Wayfinding and Sustainability: A reflection on the 7th Annual Schneider Memorial Lecture
On the first Tuesday of February, I listened to a story of struggle, death, and extinction, of honor, heritage, and revival. The storyteller was Nainoa Thompson, a native Hawaiian navigator who led a worldwide voyage to bring dignity to his culture and build a worldwide network of people thinking about sustainability in our modern world.
The evening began with a powerful musical welcome from Hui o Na Moku, Stanford’s Pacific Island Cultural Club.The sound of their voices echoed in the auditorium and set a tone of reverence and respect for the night. Mr. Thompson carried this tone throughout his story, and it showed most strongly when he spoke about the mentors that had supported him along the way.
His mentors were people that taught him about his identity and his relationship with nature and those around him. His father set the example of caring for the ones whom society cared for least, sometimes drinking water for dinner in order to feed the children on the streets. One of Hawaii’s heroes, Edie Aikou, taught him the value of sacrifice; while caught in a storm, he got off the boat and paddled to an island he couldn’t see to find help for the others stuck in the boat. The last living Polynesian navigator taught him to learn everything that his instincts believe in, to see knowledge as sacred, and to cultivate a love and responsibility for the earth.
These strong mentors supported Mr. Thompson in becoming the expert navigator he is today. After his training, he decided to embark on a worldwide voyage called Malama Honua, meaning “Care for our Earth.” This voyage hoped to “bridge traditional and new technologies to live sustainably, while sharing, learning, creating global relationships, and discovering the wonders of this precious place we all call home.”They traveled over 150,000 nautical miles, stopping at ports and engaging local communities in conversations about how to live sustainably. This voyage became a way to synthesize local culture and global change; the voyagers took the tenants of the Polynesian lifestyle and applied them to create a network of motivated individuals.
This journey in turn helped the voyagers foster a deeper relationship with the ocean as well. As Mr. Thompson emphasized throughout the night, “you can’t protect what you don’t understand.” This is a call to action; his story emphasizes that we must develop a kinship with our world to protect it.
This kinship with nature also became a central part of Mr. Thompson’s sense of identity. During his childhood, he felt as if his Hawaiian identity was a source of shame; the language was being forgotten, and many skeptics doubted whether the Polynesians actually could have sailed such far distances without the help of modern-day technology. However, on the voyage, he found a place where he could be Hawaiian. The idea of finding oneself in one’s relationship with nature was central to his talk. This relationship is of increasing importance as we alter our earth and its climate in new ways. Mr. Thompson pointed out that the early Polynesians had figured out a way to live sustainably with the islands, and that we should look to their knowledge and practices as we wrestle with this question ourselves.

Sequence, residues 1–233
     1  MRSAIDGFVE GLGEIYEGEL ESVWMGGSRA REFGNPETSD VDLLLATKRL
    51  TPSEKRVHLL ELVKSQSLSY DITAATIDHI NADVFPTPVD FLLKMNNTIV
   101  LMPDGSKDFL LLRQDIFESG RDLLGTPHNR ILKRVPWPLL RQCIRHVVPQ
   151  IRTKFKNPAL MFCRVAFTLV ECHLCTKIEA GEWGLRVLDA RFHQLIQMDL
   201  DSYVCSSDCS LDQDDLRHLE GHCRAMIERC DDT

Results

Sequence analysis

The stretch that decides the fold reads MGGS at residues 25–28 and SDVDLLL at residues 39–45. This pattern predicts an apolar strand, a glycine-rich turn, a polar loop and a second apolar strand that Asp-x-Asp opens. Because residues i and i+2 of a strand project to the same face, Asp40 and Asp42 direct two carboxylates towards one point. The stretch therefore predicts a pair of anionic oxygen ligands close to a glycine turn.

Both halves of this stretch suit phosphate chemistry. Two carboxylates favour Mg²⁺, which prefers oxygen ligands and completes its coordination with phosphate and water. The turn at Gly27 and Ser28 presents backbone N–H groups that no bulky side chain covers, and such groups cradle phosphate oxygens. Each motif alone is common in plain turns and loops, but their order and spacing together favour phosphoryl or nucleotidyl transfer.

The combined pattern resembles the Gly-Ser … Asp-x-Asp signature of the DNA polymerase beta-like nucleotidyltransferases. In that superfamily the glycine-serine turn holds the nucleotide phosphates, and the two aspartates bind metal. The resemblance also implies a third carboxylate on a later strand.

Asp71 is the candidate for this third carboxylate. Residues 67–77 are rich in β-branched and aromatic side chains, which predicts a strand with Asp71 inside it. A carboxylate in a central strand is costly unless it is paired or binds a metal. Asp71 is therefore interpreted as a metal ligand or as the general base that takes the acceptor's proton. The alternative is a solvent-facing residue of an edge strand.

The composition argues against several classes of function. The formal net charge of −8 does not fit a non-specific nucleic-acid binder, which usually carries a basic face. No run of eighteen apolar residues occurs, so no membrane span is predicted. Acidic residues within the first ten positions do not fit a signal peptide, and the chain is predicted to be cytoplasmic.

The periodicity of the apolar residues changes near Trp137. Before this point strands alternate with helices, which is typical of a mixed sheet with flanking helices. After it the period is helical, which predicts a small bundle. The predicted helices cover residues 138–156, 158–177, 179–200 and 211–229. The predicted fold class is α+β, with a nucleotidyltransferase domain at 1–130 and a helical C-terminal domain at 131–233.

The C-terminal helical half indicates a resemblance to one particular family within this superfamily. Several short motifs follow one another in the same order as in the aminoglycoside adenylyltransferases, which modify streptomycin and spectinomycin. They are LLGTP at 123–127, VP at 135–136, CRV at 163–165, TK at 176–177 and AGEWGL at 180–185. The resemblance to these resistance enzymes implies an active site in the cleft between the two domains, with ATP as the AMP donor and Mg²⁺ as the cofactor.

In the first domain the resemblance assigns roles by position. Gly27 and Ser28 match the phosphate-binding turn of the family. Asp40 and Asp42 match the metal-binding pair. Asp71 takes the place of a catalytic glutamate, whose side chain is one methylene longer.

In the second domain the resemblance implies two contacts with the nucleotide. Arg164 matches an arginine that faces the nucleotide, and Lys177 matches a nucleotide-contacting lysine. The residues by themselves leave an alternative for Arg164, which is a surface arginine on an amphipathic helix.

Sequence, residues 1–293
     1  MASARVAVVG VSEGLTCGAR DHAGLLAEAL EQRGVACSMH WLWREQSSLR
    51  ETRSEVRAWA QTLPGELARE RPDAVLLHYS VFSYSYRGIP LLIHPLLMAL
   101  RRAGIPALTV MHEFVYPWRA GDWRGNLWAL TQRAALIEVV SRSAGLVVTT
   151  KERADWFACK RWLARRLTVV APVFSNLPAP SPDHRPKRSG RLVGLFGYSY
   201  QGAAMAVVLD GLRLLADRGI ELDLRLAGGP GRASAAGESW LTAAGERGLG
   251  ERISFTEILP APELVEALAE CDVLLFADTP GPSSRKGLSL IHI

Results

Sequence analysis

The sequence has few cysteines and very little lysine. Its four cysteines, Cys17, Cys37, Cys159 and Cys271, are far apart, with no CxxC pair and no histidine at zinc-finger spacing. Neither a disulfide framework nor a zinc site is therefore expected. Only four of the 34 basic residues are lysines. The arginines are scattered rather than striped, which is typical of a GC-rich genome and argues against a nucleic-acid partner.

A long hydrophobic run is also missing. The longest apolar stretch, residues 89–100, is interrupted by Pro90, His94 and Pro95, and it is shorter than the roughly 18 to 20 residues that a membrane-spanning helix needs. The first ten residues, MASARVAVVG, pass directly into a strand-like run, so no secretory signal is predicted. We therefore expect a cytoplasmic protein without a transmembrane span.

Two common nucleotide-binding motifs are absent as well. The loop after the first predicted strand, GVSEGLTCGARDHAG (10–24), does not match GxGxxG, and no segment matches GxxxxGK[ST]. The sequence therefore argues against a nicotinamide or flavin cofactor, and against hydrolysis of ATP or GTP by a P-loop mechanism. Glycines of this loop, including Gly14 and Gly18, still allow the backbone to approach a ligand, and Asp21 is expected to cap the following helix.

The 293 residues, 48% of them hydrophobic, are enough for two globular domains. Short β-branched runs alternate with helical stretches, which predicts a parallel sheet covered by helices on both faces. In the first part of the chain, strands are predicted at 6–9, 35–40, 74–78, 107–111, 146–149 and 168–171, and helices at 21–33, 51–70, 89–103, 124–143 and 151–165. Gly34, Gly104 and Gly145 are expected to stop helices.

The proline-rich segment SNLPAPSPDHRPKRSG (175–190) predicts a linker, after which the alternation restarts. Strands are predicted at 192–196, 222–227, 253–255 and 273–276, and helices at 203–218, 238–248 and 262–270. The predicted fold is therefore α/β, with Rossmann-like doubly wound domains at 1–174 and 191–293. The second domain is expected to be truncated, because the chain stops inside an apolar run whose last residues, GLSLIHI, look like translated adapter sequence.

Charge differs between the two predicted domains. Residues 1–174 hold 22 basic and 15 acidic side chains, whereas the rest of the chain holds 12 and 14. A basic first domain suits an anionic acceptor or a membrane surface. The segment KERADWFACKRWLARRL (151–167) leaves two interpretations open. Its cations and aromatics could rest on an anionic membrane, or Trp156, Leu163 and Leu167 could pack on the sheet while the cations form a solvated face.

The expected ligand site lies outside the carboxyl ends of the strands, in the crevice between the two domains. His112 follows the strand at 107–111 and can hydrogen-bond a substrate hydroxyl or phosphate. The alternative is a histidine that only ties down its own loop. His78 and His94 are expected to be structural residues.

This lecture was held in honor of Stephen H. Schneider, and Mr. Thompson’s references to sustainability were framed within the context of Schneider’s work. Prior to his death in 2010, Schneider was a leading climate expert and Professor of Environmental Biology and Global Change at Stanford University. In a video montageof Schneider shown at the beginning of the lecture, the renowned scientist explains that the more carbon dioxide we add to our atmosphere, the more tipping points we will cross. For example, as Greenland melts, the water reaches the bottom of the ice sheet, heating and lubricating it from beneath. At some unknown tipping point, the entirety of Greenland could melt, and we may experience rapid sea level rise of over five meters.Schneider also demonstrated his frustration with the way media distorts the relative credibility of information. For example, private interest group announcements are given the same amount of air time as peer-reviewed, government-issued reports, leaving their relative importance unclear to the public. Schneider’s ability to effectively communicate science was incredible. Mr. Thompson employed unique tactics to continue this legacy, like incorporating his Polynesian heritage of wayfinding to build a community of people who care about the planet.
Throughout the story of this voyage, Nainoa Thompson became almost superhuman in my eyes. Here was a man who remained incredibly humble and humorous, and yet had taken it upon himself to revive an ancient Polynesian wayfinding practice to sail around the world and bring dignity back to his culture. His insights, that we must understand something before we can protect it, and that we must create culture which will care enough to make a change, were profound. Perhaps the most impactful question he posed, however, was this: “what do I do with this privilege that is life?” I think his story is a beautiful answer to that question.
Cover photo courtesy of Jules Wyman.
- Hui O Na Moku (Pacific Island Culture Club). Retrieved from https://nacc.stanford.edu/events/hui-o-na-moku-pacific-island-cultural-club
- The Malama Honua Worldwide Voyage Continues into 2018. Retrieved from http://www.hokulea.com/worldwide-voyage/
- Stephen Schneider Climate One Montage. (2013). Stanford Woods Institute for the Environment. Retrieved from https://www.youtube.com/watch?v=7YZ84pD895Q